Europe regains control of the web giants

Europe regains control of the web giants

The DSA enters into force on August 25 in the European Union

On August 25, the Digital Services Act (DSA) comes into force. This regulation of social networks, such as Facebook, Instagram, X (ex-Twitter) or TikTok, and online sales platforms, such as Amazon or Rakuten, implemented by the European Union, imposes content moderation obligations on the main digital services. Monitored from Brussels, they could face serious penalties if violated.

The DSAs aim to reduce the risks to society by imposing duties on the web giants that they will have to comply with “Duties of Means and Transparency”, carry out periodic risk assessments and propose measures to combat illegal or hateful content, attacks on electoral processes, freedom of expression, minors and their mental health. Sensitive areas such as targeted advertising or the fight against online manipulation will also be covered by the DSA. The European Commission will be able to impose fines of up to 6% of the platforms’ turnover, or even ban them in the EU.

Who is affected by DSA and why?

The minimum obligations will apply to all services, but the heaviest will be for those with more than 45 million users in the European Union. In the spring, European Internal Market Commissioner Thierry Breton formalized a list of 19 services, containing 17 “very large platforms” and two “very large search engines” subject to the DSA when it came into force. There are, for example, the main social networks and online sales sites, but also Google Maps, the App Store or Wikipedia. But these 19 big names won’t be the only ones to have to comply with the DSA.

150 experts will be employed to oversee its implementation with a budget of around 30 million euros, financed by a fee paid by the platforms. A way for Europe to exercise its sovereign power and regain control in the face of “private companies which, until now, have allowed themselves to suspend or withdraw contents in an opaque way and to authorize others, ignoring the law and only following their general conditions of use”explains MEP Geoffroy Didier (European People’s Party), in a forum at World.

An attack on freedom of expression?

This takeover by the EU has raised concerns, especially among key stakeholders, about the power granted to the Commission and the balance between regulation and freedom of expression. “The DSA would constitute a succession of penknife blows to freedom of expression”, writes Geoffroy Didier, evoking these doubts. A Defeating Argument: “The reality is quite different. The DSA will not create new illegalities, it will implement the law that already exists offline on the Internet. It will not threaten freedom of expression, it will protect it. »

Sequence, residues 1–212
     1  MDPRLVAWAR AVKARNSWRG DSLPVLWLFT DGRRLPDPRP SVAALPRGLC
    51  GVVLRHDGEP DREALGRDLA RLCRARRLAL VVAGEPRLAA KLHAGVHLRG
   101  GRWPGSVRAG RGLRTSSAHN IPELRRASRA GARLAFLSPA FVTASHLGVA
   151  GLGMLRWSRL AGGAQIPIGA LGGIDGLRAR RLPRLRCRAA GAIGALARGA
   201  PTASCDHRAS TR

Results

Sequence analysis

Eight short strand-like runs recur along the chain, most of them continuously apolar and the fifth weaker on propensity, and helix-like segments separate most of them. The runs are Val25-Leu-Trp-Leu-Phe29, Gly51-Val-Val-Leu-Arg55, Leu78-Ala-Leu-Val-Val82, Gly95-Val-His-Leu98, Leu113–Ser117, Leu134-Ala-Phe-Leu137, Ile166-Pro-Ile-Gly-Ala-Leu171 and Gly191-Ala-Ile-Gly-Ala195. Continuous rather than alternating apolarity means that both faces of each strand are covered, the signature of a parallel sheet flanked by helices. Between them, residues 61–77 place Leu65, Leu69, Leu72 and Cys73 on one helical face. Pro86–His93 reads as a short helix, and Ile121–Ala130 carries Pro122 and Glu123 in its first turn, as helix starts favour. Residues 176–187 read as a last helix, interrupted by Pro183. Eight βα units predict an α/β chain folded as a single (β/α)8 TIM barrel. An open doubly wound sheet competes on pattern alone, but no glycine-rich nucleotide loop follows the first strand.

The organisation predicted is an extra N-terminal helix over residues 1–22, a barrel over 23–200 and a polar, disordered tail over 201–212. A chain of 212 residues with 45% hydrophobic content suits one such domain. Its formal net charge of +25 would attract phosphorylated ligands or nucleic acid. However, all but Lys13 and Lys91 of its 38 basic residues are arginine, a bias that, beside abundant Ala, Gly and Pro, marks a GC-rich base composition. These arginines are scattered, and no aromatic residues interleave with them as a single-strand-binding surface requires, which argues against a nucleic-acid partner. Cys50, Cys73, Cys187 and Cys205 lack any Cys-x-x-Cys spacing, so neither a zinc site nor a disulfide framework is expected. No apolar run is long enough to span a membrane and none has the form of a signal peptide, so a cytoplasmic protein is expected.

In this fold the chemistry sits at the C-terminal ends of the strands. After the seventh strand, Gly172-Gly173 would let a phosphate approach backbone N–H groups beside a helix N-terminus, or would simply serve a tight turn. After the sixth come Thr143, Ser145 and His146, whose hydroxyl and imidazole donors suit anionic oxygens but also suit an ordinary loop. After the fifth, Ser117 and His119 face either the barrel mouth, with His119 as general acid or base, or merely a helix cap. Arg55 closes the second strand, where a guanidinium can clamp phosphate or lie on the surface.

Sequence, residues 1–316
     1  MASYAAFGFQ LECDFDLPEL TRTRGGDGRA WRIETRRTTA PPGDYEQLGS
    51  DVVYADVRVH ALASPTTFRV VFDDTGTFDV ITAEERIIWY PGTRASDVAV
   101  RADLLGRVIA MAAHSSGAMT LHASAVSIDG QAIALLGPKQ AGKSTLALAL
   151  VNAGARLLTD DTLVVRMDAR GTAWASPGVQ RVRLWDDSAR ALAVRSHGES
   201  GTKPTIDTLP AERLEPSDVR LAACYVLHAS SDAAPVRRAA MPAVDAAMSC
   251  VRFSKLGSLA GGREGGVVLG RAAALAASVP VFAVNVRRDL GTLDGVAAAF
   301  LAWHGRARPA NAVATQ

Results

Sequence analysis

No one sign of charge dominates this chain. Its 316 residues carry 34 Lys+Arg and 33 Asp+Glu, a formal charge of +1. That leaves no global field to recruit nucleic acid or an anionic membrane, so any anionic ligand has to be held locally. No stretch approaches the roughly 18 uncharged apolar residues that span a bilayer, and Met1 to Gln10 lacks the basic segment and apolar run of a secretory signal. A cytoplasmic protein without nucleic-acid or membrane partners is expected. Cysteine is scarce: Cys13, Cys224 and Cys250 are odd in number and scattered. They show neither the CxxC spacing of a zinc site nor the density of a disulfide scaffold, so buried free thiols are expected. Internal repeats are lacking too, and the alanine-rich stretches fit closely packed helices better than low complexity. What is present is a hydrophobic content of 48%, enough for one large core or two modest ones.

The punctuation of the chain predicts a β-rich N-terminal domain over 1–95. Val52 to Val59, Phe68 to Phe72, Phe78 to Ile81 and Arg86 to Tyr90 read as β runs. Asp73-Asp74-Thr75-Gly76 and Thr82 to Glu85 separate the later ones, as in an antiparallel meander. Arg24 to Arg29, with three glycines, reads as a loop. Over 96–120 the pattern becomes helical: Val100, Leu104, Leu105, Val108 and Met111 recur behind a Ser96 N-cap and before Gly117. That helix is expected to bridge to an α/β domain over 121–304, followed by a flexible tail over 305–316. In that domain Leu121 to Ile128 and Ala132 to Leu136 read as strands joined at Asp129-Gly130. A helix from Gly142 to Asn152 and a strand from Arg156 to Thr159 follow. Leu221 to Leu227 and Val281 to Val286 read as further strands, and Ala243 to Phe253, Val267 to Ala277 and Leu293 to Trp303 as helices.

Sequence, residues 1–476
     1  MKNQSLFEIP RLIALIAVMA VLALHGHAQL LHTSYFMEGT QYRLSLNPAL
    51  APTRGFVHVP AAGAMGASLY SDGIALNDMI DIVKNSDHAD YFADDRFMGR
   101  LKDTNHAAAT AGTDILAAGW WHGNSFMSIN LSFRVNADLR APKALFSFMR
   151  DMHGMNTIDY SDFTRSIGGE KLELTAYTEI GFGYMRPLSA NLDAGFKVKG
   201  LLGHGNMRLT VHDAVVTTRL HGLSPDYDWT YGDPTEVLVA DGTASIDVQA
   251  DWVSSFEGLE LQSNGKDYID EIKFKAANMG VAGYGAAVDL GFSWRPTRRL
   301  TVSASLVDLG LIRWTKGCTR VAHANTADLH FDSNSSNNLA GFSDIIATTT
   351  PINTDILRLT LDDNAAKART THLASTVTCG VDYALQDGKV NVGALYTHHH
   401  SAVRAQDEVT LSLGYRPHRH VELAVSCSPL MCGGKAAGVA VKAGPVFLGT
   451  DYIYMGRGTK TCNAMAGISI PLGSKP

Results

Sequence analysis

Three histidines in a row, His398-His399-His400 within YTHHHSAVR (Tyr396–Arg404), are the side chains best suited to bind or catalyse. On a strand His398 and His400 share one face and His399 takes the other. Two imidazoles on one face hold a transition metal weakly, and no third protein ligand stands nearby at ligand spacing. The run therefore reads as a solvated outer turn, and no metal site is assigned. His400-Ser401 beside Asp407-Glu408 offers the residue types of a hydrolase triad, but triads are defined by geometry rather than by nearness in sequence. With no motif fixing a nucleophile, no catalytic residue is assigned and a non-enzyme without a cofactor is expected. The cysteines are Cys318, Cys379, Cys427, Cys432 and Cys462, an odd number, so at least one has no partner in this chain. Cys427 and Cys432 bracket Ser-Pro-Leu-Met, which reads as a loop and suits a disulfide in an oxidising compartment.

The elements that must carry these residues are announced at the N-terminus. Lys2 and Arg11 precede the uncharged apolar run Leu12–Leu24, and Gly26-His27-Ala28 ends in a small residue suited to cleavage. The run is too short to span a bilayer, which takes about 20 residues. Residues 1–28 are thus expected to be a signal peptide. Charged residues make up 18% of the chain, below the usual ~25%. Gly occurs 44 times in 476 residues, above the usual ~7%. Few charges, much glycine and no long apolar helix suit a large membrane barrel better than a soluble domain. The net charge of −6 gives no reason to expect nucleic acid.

DSA extension «it will protect citizens from the excesses of some platforms and guarantee more rights for internet users: decisions to withdraw content or delete accounts must be transparent, and anyone whose account is suspended or closed will have the legal capacity to challenge it»adds the MEP. “From now on, platforms will not only have to collaborate with justice, but also be accountable to their subscribers. Only a law on a European scale could achieve such a result”rejoices.

The affected platforms are updating

Little by little, the social networks and platforms concerned are updating their algorithms and terms of use. Nick Clegg, president in charge of public affairs of Meta, announced it in a blog post “On Facebook and Instagram, users will have the ability to see only stories and reels posted by the people they follow, from newest to oldest. They’ll also be able to see search results based solely on the words they’ve used, rather than personalized results based on their past activities and interests.”.

The DSA specifically requires platforms to allow their users to opt out of personalized content recommendations. TikTok has done the same, with the ability to choose content display based on geography rather than algorithmic selection. In addition to the deactivation of the recommendations, also announced by Snapchat, the Chinese company ByteDance has also added further protections for minors and new ways to report illegal content to its application. A moderation “advertising transparency center” has been set up for Google and its services concerned, which allows users in particular to report problematic content. And in Meta we say: “More than 1000 people are currently working at DSA. » Proof that Europe has decided to take back control.

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